I have read several articles recently that suggest CIOs are moving to the cloud while ignoring security concerns. Some note that cost savings or profits trump fear; or that people are not as concerned about security as they should be. While that may be the case in some instances, I do not believe that is the entire story. There are people who have performed assessments of their cloud opportunity, versus the security threat or risk, going beyond sticking their fingers in their ears, singing “la, la, la”, and wishing the threat away.
Here are four of the more responsible reasons I believe cloud adoption continues in the face of security and privacy concerns:
1. You don’t always need the most secure, most resilient service. As I mentioned in a previous post, “not all needs are created equal.” I am confident some CIOs and IT teams have figured that out and are moving the appropriate applications and data to cloud services that offer an appropriate level of security, as opposed to ignoring security concerns in favor of lower expenses or higher margins. As I mentioned in that post, recognition of this enables businesses to achieve the many benefits of cloud computing while keeping cloud service costs to a minimum.
2. It’s not more secure because it’s on premise. As many have mentioned previously, a system is not inherently more secure because it is on-premise; and it is not inherently less secure because it is cloud-resident. In many cases cloud economics enable providers to employ top talent that would be out of the reach of many of their customers. We have heard stories of “sophisticated” on-premise security schemes such as locking the server room door. Providers can, and must, be laser focused on security. In addition, cloud consumers must remain diligent and understand the level of security their providers can deliver. We cannot abdicate our duty to appropriately protect privacy and data. So, perhaps some of those increasing their cloud adoption are working with their providers to ensure data is appropriately protected.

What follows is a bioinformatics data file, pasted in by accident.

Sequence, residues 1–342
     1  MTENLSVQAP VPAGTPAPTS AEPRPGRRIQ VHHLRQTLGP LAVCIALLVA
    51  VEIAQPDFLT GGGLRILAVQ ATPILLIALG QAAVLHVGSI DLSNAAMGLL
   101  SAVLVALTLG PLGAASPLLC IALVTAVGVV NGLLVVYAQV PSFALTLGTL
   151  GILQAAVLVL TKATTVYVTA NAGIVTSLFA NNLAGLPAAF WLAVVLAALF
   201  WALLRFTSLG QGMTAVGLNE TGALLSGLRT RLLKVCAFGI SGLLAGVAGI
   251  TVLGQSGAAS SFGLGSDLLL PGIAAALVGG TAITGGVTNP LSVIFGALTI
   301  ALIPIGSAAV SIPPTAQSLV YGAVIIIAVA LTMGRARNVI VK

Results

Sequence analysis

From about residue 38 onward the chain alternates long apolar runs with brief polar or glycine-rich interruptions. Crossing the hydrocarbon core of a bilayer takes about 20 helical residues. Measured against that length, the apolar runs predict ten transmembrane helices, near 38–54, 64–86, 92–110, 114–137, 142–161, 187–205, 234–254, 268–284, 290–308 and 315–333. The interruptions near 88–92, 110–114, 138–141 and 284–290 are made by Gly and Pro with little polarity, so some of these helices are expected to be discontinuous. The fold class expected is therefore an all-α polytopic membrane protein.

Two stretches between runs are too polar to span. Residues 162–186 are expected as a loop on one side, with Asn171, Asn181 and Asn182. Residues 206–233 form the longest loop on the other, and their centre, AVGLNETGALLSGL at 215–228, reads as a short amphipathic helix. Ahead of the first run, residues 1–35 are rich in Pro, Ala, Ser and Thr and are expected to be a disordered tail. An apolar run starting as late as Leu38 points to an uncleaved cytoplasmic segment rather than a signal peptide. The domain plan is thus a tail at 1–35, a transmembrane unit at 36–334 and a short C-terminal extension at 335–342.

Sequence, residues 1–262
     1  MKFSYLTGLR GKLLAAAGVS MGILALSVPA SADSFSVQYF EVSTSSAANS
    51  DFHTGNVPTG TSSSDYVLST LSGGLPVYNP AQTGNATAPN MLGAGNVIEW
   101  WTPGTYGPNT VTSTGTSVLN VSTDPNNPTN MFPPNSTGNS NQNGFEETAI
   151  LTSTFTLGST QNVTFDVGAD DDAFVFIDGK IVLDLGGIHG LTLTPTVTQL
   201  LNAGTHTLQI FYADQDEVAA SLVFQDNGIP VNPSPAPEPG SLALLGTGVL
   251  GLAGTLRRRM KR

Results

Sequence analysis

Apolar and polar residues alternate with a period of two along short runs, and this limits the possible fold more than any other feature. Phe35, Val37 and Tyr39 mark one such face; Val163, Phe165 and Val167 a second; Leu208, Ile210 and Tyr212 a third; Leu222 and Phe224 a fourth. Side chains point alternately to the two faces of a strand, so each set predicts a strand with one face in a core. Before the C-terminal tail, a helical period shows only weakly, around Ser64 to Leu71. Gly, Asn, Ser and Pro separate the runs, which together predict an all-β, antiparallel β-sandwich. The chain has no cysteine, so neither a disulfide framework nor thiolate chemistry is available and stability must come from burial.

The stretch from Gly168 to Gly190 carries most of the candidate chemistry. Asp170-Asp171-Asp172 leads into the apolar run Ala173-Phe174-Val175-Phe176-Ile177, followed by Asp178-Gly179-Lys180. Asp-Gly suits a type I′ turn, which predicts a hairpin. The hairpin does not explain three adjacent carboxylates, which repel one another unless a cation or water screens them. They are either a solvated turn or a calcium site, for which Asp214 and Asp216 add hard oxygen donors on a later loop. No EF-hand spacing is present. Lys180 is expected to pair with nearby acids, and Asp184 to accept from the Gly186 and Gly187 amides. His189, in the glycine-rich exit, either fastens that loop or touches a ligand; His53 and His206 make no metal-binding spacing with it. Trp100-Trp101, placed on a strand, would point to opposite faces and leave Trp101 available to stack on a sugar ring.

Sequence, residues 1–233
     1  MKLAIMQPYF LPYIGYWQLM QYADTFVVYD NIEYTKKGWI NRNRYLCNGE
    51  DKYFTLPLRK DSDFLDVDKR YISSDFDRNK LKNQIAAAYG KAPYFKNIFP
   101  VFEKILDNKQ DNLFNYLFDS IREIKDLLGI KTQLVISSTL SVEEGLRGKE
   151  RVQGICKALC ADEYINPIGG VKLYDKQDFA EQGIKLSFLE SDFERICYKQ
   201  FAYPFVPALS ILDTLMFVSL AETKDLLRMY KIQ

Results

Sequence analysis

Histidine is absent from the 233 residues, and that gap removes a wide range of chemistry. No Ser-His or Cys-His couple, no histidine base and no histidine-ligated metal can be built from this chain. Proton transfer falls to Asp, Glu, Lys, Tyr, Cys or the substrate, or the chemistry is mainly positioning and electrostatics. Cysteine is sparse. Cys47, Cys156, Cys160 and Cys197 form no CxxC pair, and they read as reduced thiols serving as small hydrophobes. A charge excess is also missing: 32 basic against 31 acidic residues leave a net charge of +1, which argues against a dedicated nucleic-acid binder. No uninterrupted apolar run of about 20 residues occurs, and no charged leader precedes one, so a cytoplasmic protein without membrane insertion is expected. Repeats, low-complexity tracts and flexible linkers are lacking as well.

3. Providers are stepping up. In the wake of the NSA revelations many providers are working to provide more sophisticated means to protect their customers’ data. Though three things remain important in this context: The level of security some cloud providers can deliver at this moment may be equal to, or better, than what many can provide on-premise; We must still be diligent to understand what level of security is provided; We must ensure that our assets are protected by an appropriate level of security (which may not be the highest level possible).
4. They’re not only interested in cloud. Consider this for a moment. Does it make sense that organizations that want sensitive data would only look to cloud services? While cloud services may certainly be “target rich environments,” there are plenty of other items of interest that are on-premise. Though we hear of on-premise breeches from time to time, private organizations that are compromised tend to keep those quiet, if possible, for a host of reasons (e.g.: to protect their reputations, to avoid others exploiting the same weaknesses…). Furthermore, some of the snooping schemes responsible for the recent buzz are extremely sophisticated and were no doubt created and refined over many years – likely having been born before modern cloud computing. So we must also ask whether our on-premise solutions are any less susceptible to that kind of compromise. In some cases cloud services may provide security that is equal to, or even better, than your on-premise services.
So I am hopeful that many moving to cloud computing have a well-considered rationale that goes beyond “forget security, look how cheap this is!” I believe that many have considered one or more of these alternatives, though I am confident there are many others. If you have made the decision to adopt cloud services we would be grateful to learn of yours.